MOTORISTS across the country are still struggling to fill up their petrol tank as a nationwide fuel shortage continues.
Many drivers are finding their local forecourt has run dry, or coming up against snaking queues and long waits for fuel.
If you do need petrol, your usual service station might be closed for business and you may have to drive further than usual to find fuel.
Motorists are being urged not to fill up unless they need to – and not to buy more than necessary.
Experts have estimated that up to 90% of pumps in some areas are out of use.
But drivers have been assured there is not a shortage of petrol and the situation will normalise in the coming days. The problem is being caused by a shortage of lorry drivers to transport fuel.
However, there are warnings that prices are rising as a result, with some drivers being charged as much as £1.54 a litre.
Rising oil prices could see the cost of filling up a tank climb further in the coming weeks.
The government has also torn up competition rules so that oil firms can more easily target areas most in need of fuel across the country.
But a statement by Shell, ExxonMobile and other industry bodies insisted there is no “national shortage of fuel” and that issues are instead evolving from “temporary spikes in customer demand”.
Here's what you need to know, including where you can fill up and which forecourts are out of fuel.
Why are petrol stations closing?
Industry experts have said that there is no shortage of petrol, but there have been problems with a lack of lorry drivers to get it to the right place.
🔵 Read our petrol crisis live blog for live updates on the crisis
Panic buying has exacerbated things, with many petrol stations reporting long queues as everybody rushes to top up their tanks.
Full closures seem to be rare, but several supermarket and service station bosses have reported that they are running out of specific types of fuel in between new deliveries.
Reports have been circulating that key workers will be prioritised when getting to pumps first. But currently there is no official government guidance has been issued on this.
Which forecourts are out of fuel?
Although there are lots of reports around shortages, the majority of petrol stations are open. Many groups have said just a handful of their outlets are affected.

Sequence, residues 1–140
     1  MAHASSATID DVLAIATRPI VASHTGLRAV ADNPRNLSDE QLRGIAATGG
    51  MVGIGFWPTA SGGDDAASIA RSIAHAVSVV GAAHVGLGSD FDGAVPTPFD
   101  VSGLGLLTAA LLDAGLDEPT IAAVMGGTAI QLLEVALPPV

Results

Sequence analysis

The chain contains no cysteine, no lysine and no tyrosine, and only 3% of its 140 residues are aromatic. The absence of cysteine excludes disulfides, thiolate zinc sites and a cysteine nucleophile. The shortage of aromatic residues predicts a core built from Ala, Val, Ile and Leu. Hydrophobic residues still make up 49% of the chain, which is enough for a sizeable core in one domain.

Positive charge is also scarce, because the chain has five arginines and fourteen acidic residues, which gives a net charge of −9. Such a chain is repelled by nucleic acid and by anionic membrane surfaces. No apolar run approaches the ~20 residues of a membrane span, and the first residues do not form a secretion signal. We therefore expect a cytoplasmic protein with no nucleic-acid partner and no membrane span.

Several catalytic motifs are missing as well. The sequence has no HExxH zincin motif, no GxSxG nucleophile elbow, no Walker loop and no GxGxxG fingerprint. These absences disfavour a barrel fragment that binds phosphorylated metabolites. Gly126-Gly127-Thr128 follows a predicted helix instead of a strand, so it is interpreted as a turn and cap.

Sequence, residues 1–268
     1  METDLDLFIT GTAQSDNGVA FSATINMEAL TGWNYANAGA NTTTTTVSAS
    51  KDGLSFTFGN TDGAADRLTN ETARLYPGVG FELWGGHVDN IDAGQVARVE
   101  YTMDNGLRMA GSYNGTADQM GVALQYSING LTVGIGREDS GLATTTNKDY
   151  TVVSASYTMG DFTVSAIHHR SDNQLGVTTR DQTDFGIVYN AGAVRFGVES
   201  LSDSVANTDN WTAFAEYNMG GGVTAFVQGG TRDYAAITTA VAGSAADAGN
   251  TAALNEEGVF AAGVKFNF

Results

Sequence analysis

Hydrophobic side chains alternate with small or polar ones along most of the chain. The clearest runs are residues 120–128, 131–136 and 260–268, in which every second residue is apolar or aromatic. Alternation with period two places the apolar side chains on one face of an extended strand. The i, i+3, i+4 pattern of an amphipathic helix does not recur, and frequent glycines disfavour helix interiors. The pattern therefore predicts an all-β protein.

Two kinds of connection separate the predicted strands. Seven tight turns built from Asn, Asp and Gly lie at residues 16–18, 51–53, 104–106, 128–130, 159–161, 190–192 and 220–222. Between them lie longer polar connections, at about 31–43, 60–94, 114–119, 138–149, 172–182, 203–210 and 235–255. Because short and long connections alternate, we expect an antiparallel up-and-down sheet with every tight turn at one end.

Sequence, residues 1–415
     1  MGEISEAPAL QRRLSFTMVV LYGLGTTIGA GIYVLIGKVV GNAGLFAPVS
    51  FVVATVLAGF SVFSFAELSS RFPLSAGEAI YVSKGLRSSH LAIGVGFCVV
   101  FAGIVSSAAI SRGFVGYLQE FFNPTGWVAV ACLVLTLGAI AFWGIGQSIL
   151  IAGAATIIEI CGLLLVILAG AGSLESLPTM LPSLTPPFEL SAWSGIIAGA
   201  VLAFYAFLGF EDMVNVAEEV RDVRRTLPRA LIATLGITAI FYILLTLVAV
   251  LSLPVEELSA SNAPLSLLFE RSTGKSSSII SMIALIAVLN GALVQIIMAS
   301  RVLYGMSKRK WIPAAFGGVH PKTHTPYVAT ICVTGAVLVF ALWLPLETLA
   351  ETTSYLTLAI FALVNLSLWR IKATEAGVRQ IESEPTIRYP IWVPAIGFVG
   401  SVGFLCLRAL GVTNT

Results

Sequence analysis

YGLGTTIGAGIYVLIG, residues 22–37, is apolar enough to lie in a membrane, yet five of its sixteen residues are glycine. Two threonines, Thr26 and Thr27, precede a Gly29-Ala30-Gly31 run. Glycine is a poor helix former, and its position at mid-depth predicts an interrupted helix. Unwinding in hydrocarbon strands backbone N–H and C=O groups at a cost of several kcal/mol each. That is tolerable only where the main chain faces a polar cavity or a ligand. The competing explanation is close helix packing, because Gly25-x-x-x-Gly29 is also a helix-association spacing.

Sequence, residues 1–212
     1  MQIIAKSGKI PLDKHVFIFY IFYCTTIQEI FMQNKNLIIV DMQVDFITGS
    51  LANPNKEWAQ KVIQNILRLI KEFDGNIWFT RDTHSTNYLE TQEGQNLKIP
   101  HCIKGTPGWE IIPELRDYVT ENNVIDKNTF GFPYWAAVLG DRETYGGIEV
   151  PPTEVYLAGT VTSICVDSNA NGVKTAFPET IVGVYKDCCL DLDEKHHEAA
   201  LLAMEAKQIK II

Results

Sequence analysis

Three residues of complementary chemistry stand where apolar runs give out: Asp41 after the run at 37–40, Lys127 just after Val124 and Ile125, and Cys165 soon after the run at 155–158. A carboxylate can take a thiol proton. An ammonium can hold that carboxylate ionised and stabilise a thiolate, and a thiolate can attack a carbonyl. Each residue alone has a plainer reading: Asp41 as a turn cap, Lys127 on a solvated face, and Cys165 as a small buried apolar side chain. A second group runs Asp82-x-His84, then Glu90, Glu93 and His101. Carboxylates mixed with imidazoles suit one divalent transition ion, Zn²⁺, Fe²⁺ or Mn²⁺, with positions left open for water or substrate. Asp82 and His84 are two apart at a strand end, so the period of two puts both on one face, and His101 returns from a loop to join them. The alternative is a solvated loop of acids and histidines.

If you need fuel urgently, check online reports to scope out which of your nearest is still operating.
One of the biggest forecourt operators has placed a £30 maximum at all of its pumps to make sure it can keep customers on the road.
This means that if you live near one of EG Group's 367 petrol stations, there's a good chance you'll be able to fill up, even if you can't get a full tank.
EG Group, runs petrol stations under well-known brand names such as BP, Esso, Shell and Texaco.
We have the full list of locations operating the £30 limit – which might be a good place to start if you need petrol or diesel today.
Which petrol stations are shut?
There's no central record of all the stations that have closed up, and the situation is changing regularly as forecourts reopen once they receive a fuel delivery.
Most groups are still insisting that closures are very limited and only a handful of their outlets are being affected.
Major supermarkets including Asda, Tesco and Sainsbury's have all said that they're not facing fuel shortages, despite the increasing demand.
On Thursday, BP said that it had closed just 20 of its 1,200 petrol stations. Between 50 and 100 sites were affected by the loss of at least one grade of fuel.
Meanwhile, ExxonMobil said a small number of its Tesco petrol stations are affected.
But many drivers have taken to social media to complain that shops including Asda, Tesco and Sainsbury's have run out of fuel.
If you want to find out about your nearest petrol station, the best thing is to search online and check social media to check whether any issues are being reported.
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